2017-08-17 Antelope Island (Part 1 of 4)

White-Lined Sphinx Moth - Hyles lineata

I fell in love with Antelope Island in the spring of 2015 when introduced by friends Ron and Mia, so when my new friend Joe suggested we spend the day there, neither Jerry or I protested. In fact, we followed up with a second visit the next day.

Depending on the water level in the Great Salt Lake, Antelope Island alternates between an “island” and a “peninsula”. Even with the present day low water in the lake, the exposed mudflats to the south provide a sufficient barrier to isolate the island from any overland approach.

The history of this island is long and includes a visit by Kit Carson and John Fremont in 1845. In 1969 the State of Utah bought 2000 acres at the north end of the island and build a two-lane road over a causeway connecting the island to the communities east of the island. A present day drive over the causeway often rewards the traveller with encounters of large numbers of birds. On our visit there were Red-Necked Phalaropes numbering in the millions, with a few Wilson’s Phalaropes mixed in. California, Ring-Billed and Franklin’s Gulls shared the scene, along with avocets, willets, curlews and swallows.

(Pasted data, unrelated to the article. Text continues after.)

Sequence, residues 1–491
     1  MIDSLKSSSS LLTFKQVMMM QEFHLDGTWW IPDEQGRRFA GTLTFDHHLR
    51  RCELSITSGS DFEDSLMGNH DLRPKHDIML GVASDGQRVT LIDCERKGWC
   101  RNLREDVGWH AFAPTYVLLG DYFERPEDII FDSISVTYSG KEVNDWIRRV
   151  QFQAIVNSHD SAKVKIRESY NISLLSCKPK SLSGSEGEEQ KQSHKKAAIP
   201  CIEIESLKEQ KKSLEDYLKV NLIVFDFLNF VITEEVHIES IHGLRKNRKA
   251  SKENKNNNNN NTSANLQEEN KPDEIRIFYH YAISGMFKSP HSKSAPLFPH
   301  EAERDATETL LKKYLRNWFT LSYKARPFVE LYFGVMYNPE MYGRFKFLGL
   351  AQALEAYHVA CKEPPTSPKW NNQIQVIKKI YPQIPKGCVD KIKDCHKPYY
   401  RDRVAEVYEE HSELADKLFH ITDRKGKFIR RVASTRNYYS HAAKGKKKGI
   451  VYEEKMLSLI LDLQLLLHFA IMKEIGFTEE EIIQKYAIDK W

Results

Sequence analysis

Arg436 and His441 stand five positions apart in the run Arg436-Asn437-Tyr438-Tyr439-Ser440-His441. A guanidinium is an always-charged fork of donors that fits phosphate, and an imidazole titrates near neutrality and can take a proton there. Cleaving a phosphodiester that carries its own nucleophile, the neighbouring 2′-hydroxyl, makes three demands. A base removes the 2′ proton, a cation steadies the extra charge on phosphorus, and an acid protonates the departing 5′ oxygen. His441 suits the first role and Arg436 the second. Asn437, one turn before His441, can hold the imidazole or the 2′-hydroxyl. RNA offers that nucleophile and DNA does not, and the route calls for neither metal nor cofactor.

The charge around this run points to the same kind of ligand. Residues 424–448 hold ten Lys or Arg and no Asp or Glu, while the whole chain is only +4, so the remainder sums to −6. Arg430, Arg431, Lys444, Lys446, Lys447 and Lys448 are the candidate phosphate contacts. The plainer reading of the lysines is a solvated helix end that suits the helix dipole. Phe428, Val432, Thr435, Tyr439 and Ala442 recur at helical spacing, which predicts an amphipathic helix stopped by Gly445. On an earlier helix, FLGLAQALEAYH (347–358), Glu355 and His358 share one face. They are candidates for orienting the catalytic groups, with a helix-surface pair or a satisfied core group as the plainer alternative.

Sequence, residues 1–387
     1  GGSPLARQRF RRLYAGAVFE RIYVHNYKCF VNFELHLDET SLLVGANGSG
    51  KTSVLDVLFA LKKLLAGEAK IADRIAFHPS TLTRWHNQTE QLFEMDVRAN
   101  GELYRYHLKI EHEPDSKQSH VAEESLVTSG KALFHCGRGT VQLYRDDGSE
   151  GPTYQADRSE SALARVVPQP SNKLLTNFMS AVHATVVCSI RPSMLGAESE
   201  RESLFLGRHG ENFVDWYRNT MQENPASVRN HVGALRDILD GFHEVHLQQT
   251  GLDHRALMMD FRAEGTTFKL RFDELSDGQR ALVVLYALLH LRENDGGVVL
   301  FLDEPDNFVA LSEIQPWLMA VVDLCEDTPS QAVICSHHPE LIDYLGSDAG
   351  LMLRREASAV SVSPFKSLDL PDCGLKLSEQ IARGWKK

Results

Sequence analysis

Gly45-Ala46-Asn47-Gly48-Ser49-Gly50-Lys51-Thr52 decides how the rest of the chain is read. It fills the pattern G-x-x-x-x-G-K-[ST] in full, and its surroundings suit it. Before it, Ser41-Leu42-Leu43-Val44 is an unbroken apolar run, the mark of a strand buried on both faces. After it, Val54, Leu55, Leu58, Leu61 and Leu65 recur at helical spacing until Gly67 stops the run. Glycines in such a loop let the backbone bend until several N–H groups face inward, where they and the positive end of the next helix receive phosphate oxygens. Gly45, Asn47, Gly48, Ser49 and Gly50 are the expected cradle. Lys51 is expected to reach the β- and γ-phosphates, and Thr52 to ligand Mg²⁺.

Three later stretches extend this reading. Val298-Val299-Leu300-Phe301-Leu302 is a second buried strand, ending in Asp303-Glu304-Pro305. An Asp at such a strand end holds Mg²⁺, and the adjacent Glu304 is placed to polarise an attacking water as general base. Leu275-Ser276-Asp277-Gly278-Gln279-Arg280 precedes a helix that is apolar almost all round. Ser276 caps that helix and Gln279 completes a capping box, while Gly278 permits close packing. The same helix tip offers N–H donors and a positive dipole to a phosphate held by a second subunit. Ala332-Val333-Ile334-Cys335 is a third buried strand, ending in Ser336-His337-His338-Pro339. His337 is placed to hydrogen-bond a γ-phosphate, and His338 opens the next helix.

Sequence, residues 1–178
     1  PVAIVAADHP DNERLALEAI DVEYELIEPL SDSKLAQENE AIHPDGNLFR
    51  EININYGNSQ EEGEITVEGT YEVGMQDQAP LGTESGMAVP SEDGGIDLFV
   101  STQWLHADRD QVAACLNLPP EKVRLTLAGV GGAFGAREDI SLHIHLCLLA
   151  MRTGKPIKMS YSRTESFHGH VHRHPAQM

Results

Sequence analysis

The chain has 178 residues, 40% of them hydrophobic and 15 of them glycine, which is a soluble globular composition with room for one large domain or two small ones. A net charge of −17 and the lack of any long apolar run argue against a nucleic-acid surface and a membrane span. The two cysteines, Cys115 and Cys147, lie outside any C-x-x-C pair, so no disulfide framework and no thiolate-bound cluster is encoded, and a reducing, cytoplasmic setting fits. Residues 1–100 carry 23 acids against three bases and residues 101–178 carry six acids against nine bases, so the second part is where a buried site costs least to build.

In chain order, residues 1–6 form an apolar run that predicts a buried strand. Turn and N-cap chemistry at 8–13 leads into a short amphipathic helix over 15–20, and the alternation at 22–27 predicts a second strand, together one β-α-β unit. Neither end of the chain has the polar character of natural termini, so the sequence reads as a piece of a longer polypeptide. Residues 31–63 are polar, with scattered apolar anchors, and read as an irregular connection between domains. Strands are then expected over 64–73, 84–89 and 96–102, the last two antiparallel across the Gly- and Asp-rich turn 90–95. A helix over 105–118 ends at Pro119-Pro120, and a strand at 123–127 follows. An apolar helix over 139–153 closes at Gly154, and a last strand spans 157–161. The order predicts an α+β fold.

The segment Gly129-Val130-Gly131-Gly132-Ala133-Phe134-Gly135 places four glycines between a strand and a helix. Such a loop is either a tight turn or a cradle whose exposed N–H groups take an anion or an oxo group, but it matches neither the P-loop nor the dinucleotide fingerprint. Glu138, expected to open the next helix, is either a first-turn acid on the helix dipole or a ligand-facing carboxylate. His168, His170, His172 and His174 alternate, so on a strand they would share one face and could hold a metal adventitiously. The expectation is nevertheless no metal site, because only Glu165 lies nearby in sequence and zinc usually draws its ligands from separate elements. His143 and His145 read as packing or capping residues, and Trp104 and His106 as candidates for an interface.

I gathered too many images during our stay on the island to share all at once, so I’ve broken the story into four parts: Phalaropes, Gulls, Swallows, and “Other Stuff”. I’m starting off with the latter set. Included today are images of American Avocet, Chuckar, Cordillerian (or Western) Flycatcher, Lark Sparrow, Western Meadowlark, and Willet. We went looking for hummingbirds on Rocky Mountain Bee Plants, but only found humming bugs (White-Lined Sphinx Moth). Spiders, Butterflies and deer found their way into this image set.

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